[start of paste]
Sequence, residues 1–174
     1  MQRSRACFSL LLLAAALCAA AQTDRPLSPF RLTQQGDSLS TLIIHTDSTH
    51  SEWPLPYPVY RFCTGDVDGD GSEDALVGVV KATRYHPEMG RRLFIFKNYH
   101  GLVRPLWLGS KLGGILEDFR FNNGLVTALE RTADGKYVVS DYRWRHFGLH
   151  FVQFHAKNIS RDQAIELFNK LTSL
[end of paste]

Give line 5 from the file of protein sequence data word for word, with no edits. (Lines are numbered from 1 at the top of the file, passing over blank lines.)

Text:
   151  FVQFHAKNIS RDQAIELFNK LTSL